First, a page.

We saw that a chain link fence now closed off access to large vacant lots ahead of us, and that continuing farther south along the ditch would probably lead us into an area of no-return. So, we cut west sooner than we would have liked, coming out along the north side of Cut-Bow Coffee on Rio Grande Boulevard. To my surprise the coffee shop was open, with one couple waiting outside a for pick-up and another couple sitting at a colorful table along the south side of the building. I was reminded of happening upon groups of pilgrims gathered at outdoor cafes along the Camino in Spain.
Our route grew grim as we crossed through the freeway underpass, which was littered with trash and refuse that indicated a homeless encampment high up under the roadway.
On the other side, at the foot of an art installation celebrating Albuquerque’s 400th anniversary, we found another abandoned homeless grocery cart. Here, we took the bike path toward the east, passing some lovely mosaics (some with sections broken and removed). To our right a wide cut had been made through a chain link fence – an overgrown area behind it strewn with trash. Who knows how it all got there and how many people have camped there? An irrigation ditch lay beyond the fence, so we walked through the opening to reach the ditch, pleasant, with some lovely trees. We crossed a small footbridge and came out onto a street with truly lovely, creatively designed homes. Farther south at a cross street, chain link fences again blocked our way, closing off huge empty tracts of land behind buildings and warehouses.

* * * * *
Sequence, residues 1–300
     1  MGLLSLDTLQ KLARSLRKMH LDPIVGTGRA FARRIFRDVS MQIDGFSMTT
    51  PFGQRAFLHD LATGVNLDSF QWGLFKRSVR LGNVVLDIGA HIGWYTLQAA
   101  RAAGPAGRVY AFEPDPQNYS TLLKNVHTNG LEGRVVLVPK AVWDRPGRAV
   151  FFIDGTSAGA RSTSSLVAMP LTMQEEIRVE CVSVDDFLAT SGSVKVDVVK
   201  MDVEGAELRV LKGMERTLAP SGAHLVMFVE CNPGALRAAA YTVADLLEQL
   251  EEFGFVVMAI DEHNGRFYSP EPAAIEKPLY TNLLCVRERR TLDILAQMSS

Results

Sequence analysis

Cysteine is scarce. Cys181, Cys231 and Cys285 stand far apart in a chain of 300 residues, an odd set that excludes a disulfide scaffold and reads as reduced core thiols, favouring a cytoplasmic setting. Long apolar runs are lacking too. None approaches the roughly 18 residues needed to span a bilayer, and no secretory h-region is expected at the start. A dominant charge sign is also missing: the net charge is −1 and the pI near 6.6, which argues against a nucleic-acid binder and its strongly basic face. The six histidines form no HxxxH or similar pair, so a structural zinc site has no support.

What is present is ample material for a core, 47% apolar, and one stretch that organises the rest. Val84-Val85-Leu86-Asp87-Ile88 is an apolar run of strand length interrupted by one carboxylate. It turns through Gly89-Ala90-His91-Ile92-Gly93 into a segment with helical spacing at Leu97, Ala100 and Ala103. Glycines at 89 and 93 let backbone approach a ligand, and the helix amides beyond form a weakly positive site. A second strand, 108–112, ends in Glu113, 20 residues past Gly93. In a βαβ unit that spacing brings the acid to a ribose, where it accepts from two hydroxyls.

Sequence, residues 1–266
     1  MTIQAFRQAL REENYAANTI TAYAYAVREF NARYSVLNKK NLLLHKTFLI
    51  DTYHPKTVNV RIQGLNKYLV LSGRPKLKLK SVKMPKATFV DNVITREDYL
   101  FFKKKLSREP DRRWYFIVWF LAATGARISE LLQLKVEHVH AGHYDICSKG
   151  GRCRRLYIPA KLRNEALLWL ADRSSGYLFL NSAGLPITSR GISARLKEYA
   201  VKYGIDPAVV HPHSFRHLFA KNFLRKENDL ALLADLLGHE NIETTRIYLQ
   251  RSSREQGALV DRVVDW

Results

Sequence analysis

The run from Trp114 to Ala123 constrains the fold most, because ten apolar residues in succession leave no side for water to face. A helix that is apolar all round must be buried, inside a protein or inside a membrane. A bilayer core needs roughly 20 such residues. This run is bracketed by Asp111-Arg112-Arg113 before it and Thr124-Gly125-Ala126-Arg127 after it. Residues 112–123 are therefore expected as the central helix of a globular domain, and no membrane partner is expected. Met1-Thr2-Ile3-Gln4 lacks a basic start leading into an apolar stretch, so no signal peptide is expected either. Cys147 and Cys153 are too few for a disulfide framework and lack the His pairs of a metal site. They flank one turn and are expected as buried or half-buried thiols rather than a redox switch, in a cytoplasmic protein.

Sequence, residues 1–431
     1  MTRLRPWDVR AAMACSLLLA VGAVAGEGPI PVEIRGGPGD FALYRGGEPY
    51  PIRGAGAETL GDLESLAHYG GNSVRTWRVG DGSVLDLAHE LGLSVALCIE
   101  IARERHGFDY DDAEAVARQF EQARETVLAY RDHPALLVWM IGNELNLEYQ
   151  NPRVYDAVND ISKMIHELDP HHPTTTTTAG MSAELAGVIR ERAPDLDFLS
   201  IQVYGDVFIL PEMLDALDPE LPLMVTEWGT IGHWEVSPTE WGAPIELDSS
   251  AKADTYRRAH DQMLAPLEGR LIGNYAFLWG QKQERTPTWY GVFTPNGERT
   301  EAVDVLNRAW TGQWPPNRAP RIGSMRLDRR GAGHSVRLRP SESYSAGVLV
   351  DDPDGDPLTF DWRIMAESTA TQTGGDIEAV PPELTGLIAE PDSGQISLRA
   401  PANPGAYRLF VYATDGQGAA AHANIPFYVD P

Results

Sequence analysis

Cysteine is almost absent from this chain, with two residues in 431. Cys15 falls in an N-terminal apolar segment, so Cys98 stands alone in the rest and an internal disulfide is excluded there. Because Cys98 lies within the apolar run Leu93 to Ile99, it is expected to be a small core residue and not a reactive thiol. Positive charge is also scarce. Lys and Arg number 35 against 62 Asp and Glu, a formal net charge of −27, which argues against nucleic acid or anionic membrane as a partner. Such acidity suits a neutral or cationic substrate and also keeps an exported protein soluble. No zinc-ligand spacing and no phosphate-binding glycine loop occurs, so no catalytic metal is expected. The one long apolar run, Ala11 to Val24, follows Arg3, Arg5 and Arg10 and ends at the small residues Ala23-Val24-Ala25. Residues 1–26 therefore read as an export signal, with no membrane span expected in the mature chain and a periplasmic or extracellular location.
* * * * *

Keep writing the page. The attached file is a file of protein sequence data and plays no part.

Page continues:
We stopped again for prayers, and I noticed a nativity scene in a nearby yard. Farther east we reached a street that took us south to the Sawmill Market, where a few people ate at outside tables. This new development opened just as the pandemic was starting, and we have not visited it, but now of course, much is closed. We continued south past the beautifully landscaped Hotel Chaco to reach Mountain Road and the sculptures of the Albuquerque Museum. We took San Felipe south into Old Town, where to my delight, the lovely little chapel in Plaza Escondido was open. I spent more time inside than I usually do, sorry I had not brought something to leave at the altar where flowers, photos, and other offerings had been set. A Bible on the lectern was open to pages from Revelations. I took time to read some of the carved wood inscriptions on the walls. For more information about this chapel and its origins (which I had not known) see the webpage.